The Military Must Protect the People
Cracking the heads of peaceful demonstrators in a square that has come to signify legitimate protest in the Arab world seems a clear indication that the Supreme Council of the Egyptian Armed Forces is not much better than the government it replaced. The authoritarian behavior of the council has realigned politics in Egypt, putting large numbers of Islamist forces in the streets alongside secularists against now united, formerly rivalrous military and police forces.
In a speech on Nov. 7, U.S. Secretary of State Hillary Clinton warned of future unrest if “the most powerful political force in Egypt remains a roomful of unelected officials.” The U.S. and other Western powers should make a strong case to the generals that their best interest lies in avoiding that scenario. The unrest next time will be aimed, after all, at them.
The first thing Egypt needs is successful elections. The first round of voting for a new Parliament is supposed to take place on Nov. 28. Several political parties have suspended campaigning to protest the government’s crackdown. A delay, presumably on grounds of instability, would feed the generals’ arguments for monopolizing power. And it could well ignite genuine chaos.
To be sure, the election system designed by the supreme council is flawed. It’s ridiculously complicated. In a process that ends Mar. 11, 2012, there will be three rounds of voting for each of the two houses of Parliament, plus possible runoff elections. Some members will be chosen by proportional representation, others directly.
This is the imperfect system Egyptians have for now. To make it work, the military council should drop its refusal to allow only a few international experts to “witness” (not “observe”) the balloting and instead invite in hundreds, as the Tunisians did for their elections last month.
Looking further ahead, the generals should stop dithering about the date for a presidential election, and thus a deadline for the end of their rule. Instead of putting off the vote until 2013, which is the latest plan, the council should firmly commit to the original time frame of next April. The government should invest in educating the electorate about the parliamentary ballot process, no small task in a country with 34 percent illiteracy.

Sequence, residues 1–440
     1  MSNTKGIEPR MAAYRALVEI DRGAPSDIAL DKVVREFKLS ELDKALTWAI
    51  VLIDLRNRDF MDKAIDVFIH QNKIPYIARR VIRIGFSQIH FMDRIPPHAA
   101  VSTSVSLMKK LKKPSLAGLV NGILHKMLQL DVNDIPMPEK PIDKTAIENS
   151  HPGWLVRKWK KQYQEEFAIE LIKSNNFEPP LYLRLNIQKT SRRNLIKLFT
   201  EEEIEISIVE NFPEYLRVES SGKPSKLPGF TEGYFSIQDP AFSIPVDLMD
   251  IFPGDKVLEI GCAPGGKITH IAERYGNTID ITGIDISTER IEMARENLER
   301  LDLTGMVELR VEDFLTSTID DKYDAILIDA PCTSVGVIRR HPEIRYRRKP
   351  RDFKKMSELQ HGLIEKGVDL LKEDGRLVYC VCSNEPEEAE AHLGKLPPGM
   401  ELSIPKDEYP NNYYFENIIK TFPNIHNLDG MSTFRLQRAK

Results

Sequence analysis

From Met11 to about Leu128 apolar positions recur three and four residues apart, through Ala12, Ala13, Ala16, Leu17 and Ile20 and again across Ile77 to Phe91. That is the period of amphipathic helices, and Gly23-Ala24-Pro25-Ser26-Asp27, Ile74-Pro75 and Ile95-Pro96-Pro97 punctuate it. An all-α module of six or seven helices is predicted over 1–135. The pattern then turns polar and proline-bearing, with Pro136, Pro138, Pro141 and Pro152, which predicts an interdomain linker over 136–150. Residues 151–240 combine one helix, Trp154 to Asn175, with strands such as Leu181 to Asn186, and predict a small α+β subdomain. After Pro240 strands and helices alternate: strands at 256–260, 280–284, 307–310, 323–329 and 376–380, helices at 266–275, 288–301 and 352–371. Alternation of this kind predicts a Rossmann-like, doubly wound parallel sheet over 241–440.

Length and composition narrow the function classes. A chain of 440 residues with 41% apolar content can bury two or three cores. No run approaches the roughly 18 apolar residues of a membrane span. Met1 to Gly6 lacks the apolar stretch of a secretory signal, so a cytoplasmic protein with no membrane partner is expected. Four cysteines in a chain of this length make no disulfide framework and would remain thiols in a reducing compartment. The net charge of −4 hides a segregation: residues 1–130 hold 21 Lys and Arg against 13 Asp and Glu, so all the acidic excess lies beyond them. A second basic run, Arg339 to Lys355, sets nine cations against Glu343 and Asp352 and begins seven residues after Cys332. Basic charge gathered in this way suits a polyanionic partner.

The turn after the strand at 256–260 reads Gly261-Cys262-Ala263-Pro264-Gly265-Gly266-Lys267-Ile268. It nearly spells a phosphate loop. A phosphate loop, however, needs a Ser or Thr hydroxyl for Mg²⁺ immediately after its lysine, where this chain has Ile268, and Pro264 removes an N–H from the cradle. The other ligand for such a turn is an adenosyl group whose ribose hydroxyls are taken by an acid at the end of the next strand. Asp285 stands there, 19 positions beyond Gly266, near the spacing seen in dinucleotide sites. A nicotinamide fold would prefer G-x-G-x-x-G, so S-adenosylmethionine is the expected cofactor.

The generals don’t read editorials, but they can’t ignore the markets: The best chance to turn around Egypt’s struggling economy—the benchmark stock index is down 45 percent this year—is to give outside investors and trade partners confidence in the government’s path to democracy. The council will also pay attention to unambiguous messages from the U.S., which provides Egypt with more than $1.5 billion a year in military and economic aid. Egyptians need reasons to believe in their military again. Only the generals can provide them.
The Best $571 Million Congress Ever Spent
Oklahoma Senator Tom Coburn (R) has built his career on an aggressive, occasionally egregious insistence on federal spending cuts. As a member of the Senate’s Gang of Six, he grew impatient with the search for $4 trillion in deficit reduction over a decade and produced his own plan worth $9 trillion, including large cuts to Medicare, Medicaid, and the Pentagon.
So on Nov. 16—just as the national debt was surpassing $15 trillion—when Coburn demanded robust funding for a 3,350-employee government bureaucracy, it was worthy of note.
The Republican’s 29-page report is a rousing defense of the U.S. Government Accountability Office, which both House and Senate appropriators have targeted for at least a 6 percent budget cut next year. The GAO is a nonpartisan watchdog that, since its founding in 1921, has saved U.S. taxpayers exponentially more than its cumulative budgets have cost. In congressional testimony this year, Comptroller General Gene Dodaro, who leads the GAO, said that for every dollar spent on the agency last year, GAO produced $87 in financial benefits.
Accepting the comptroller general’s math requires no great leap of faith. Over the years, GAO investigators, auditors, and accountants have exposed countless boondoggles. In just one recent example, the GAO found problems with the U.S. Army’s Future Combat Systems Manned Ground Vehicle and encouraged the Defense Dept. to kill the program, saving $11 billion. A single 2011 GAO report—a single report!—identified hundreds of billions that could be saved by eliminating duplication in federal programs. That alone represents a rich return on the agency’s $571 million budget—or would if Congress were sufficiently functional to enact the changes.
In addition to issuing almost 1,000 reports a year to Congress, including recommendations on everything from Medicare savings to efficiencies in civil debt collection, the agency provides congressional committees with expert testimony. It also gets its hands dirty by burrowing within government agencies, reading the fine print on consulting contracts to ferret out waste, fraud, and abuse—regardless of which party is in power.
The GAO is not flawless. But over a long and distinguished history it has earned its stripes, and certainly its budget. Careful auditing and analysis of government programs cannot be done on the cheap. The GAO is already doing more with less; between 1992 and 2007, the size of the federal budget doubled while the GAO’s was cut more than 20 percent. Its staff not only is smaller than it was in 1992, it’s a fraction of the size it was during World War II. Cutting its budget further is no way to save money; in fact, it’s false economy.